Mania Grade: B+
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- Art Rating: B
- Packaging Rating: B+
- Text/Translatin Rating: B+
- Age Rating: 16 & Up
- Released By: Viz Media
- MSRP: 9.95
- Pages: 194
- ISBN: 1-59116-484-2
- Size: B6
- Orientation: Right to Left
Mermaid Saga (Action Edition) Vol. #02
By Eduardo M. Chavez
March 25, 2005
Release Date: August 01, 2004
Mermaid Saga (Action Edition) Vol.#02
© Viz Media
Translated by:Matt Thorn
Adapted by:What They Say
Eating the flesh of a mermaid grants eternal life. But living forever can be a blessing or a curse. Immortal lovers Yuta and Mana are relatively lucky... others who partake of the mermaid's flesh are transformed into savage lost souls!
Yuta comes face-to-face with his past in Crimson Valley - his dead girlfriend has risen from the ashes. But is it a reality or a dream?Mermaid Saga 2 contains three of Rumiko Takahashi's uniquely macabre mermaid tales: the conclusion of Mermaid Forest, Dream's End and Mermaid Promise.
Another reprinting of a Takahashi classic gets a solid production. Now printed in a tall B6, Mermaid Saga is in its original right to left format. The cover features the original cover art, a profile of new character Nae, on a gray background. The opposite cover has a character that looks like Nae, nude on a bed of flowers under the volume description. I ended up having a problem with the sticker placed on this matted cover. While the sticker was easy to remove, because it was placed on a matted finish where it left a good amount of residue and damaged the cover a bit. Why studios insist on doing things like this is beyond me. I really wish they would figure out better ways to cross-promote.
Inside the printing looks good with sharp blacks (this is critical in Takahashi's older titles, as her lines are thicker) and screen tone looks good. This GN had ads for Viz's Takahashi properties. Viz also included a short bio on the mangaka and three pieces of character art at the end of the GN.
Through the year's Takahashi's designs have not changed much, but her technique has improved dramatically. This being one of her older titles (circa 1988) her characters are a little rounder, with thicker lines and funky noses. Having studied under Koike (Lone Wolf & Cub) Takahashi's layouts are some of the better ones in the business. Like her mentor, she uses perspective to set up action scenes as well as character emotions. Her use of character placement is often quite bold, but as it helps make plot transitions, they rarely distract readers from the context or pacing.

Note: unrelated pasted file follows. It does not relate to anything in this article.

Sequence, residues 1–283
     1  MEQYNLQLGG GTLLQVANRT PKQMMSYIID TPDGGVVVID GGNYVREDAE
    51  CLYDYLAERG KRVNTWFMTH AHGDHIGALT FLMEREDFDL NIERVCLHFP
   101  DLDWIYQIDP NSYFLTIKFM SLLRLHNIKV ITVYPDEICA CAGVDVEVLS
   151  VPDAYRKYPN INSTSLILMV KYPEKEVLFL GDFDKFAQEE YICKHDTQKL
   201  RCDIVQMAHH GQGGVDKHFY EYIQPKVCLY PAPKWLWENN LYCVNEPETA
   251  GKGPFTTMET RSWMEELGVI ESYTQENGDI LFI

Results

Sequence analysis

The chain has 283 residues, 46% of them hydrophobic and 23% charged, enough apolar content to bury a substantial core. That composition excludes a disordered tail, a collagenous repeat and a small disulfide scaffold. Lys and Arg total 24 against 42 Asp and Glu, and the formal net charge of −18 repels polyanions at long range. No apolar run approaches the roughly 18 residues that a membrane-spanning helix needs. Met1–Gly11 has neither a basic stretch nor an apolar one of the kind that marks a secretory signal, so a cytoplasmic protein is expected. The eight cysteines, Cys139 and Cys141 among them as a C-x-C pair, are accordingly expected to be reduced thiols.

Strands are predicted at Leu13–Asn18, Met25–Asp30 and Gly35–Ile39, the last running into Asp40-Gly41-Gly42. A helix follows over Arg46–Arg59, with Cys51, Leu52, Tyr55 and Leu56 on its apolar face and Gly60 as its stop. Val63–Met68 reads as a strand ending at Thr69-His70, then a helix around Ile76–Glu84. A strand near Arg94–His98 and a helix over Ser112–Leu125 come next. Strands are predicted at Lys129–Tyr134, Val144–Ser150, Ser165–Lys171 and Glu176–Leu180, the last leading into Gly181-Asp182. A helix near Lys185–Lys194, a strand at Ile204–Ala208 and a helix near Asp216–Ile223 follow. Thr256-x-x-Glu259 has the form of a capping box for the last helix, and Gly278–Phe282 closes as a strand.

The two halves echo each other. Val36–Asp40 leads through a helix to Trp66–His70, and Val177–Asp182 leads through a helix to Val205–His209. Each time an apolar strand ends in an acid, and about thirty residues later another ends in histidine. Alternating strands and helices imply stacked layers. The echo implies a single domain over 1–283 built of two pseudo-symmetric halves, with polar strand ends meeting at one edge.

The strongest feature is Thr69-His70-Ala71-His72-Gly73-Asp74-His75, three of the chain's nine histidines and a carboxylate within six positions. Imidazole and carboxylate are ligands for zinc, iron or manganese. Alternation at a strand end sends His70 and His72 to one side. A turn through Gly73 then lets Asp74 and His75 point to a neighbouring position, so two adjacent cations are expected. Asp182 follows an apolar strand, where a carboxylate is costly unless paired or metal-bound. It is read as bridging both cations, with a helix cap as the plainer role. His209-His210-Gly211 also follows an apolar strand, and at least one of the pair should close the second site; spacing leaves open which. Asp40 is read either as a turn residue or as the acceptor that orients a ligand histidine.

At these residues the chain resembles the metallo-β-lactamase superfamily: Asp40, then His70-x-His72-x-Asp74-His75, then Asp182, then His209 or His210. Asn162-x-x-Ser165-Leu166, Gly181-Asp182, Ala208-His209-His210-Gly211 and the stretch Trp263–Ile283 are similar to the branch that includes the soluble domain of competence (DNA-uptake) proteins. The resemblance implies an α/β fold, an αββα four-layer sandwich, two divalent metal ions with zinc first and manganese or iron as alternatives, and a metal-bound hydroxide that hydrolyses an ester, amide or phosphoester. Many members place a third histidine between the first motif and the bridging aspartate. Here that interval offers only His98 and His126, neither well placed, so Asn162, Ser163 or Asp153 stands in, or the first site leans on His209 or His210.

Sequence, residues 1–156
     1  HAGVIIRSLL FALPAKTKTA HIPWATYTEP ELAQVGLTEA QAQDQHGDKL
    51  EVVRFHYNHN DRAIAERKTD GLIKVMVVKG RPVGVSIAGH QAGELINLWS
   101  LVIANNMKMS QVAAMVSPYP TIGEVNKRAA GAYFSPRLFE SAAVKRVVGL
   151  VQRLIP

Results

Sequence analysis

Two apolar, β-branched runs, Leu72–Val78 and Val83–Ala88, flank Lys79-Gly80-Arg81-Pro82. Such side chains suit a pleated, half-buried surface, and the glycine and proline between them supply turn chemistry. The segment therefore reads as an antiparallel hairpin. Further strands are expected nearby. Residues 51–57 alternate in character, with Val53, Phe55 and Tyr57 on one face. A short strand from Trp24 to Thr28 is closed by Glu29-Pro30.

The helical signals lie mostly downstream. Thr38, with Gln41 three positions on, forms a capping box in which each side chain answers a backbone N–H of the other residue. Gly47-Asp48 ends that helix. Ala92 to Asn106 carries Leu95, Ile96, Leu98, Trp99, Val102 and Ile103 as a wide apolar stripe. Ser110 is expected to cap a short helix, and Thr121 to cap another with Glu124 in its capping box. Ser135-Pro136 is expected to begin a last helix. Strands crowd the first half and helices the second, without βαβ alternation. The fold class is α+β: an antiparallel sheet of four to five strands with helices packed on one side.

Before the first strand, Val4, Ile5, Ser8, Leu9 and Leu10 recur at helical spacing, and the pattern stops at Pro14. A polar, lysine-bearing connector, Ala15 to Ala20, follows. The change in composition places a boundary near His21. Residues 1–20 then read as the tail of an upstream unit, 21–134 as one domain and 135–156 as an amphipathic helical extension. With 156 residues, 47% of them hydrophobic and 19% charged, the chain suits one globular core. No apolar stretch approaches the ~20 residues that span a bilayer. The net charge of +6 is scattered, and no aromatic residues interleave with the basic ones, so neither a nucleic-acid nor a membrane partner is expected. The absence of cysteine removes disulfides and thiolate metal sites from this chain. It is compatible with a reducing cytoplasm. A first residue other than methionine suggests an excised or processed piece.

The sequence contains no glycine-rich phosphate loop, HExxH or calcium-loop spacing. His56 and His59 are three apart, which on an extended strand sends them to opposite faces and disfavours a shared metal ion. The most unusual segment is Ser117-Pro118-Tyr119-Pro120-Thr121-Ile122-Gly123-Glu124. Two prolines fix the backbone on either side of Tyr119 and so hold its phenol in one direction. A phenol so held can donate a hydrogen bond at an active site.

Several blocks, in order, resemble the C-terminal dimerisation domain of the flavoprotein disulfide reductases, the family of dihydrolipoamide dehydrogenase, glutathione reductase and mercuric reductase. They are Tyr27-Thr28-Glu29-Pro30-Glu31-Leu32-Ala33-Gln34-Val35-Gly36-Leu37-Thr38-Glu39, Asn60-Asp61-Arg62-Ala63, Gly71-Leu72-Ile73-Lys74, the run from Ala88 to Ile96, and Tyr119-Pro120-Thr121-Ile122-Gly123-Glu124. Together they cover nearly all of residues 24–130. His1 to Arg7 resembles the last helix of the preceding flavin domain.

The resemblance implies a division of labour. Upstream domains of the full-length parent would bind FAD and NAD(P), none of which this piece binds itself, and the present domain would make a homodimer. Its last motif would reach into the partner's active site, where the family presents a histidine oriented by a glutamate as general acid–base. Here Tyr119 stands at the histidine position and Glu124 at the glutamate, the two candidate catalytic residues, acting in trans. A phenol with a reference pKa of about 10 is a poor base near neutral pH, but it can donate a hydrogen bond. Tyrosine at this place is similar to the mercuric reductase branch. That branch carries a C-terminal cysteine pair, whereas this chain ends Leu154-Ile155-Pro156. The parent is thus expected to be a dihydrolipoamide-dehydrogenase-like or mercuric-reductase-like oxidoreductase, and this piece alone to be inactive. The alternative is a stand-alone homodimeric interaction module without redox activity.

Many people may call Takahashi's art stale and recycled, but there is no denying her looks have been popular throughout the years, even as she continues to change her techniques.
The translation for Mermaid Saga is typical Matt Thorn - sounds good, flows well and keeps the integrity of the original work. I rarely have problems with his work and this no exception. My only gripe would be the lack of honorifics, but from the looks of things, Viz basically took the original adaptation they used for their previous printing done when the market was not as fan-friendly. SFX are all overlaid. Viz do these really well so they typically look similar to the original SFX in size and font style. Most importantly, the retouch is solid so it rarely ever compromises art.
Contents: (please note that content portions of a review may contain spoilers)
Revenge, kushimono, hunched-back monsters, the living dead and one-sided love might not be what one would expect to see in a mermaid series. Takahashi Rumiko can make it happen and make it work.